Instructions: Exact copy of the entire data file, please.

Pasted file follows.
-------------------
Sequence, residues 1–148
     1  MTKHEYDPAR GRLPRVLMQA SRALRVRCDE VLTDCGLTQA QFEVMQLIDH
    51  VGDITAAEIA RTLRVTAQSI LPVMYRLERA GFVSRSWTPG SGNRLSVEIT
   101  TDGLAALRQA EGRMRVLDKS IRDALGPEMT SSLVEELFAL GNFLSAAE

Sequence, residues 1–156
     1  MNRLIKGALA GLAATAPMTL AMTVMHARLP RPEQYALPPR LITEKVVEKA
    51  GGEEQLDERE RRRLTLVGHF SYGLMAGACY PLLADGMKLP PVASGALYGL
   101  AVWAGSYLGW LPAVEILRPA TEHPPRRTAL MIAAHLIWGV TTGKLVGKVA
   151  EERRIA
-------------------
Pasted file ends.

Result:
Sequence, residues 1–148
     1  MTKHEYDPAR GRLPRVLMQA SRALRVRCDE VLTDCGLTQA QFEVMQLIDH
    51  VGDITAAEIA RTLRVTAQSI LPVMYRLERA GFVSRSWTPG SGNRLSVEIT
   101  TDGLAALRQA EGRMRVLDKS IRDALGPEMT SSLVEELFAL GNFLSAAE

Sequence, residues 1–156
     1  MNRLIKGALA GLAATAPMTL AMTVMHARLP RPEQYALPPR LITEKVVEKA
    51  GGEEQLDERE RRRLTLVGHF SYGLMAGACY PLLADGMKLP PVASGALYGL
   101  AVWAGSYLGW LPAVEILRPA TEHPPRRTAL MIAAHLIWGV TTGKLVGKVA
   151  EERRIA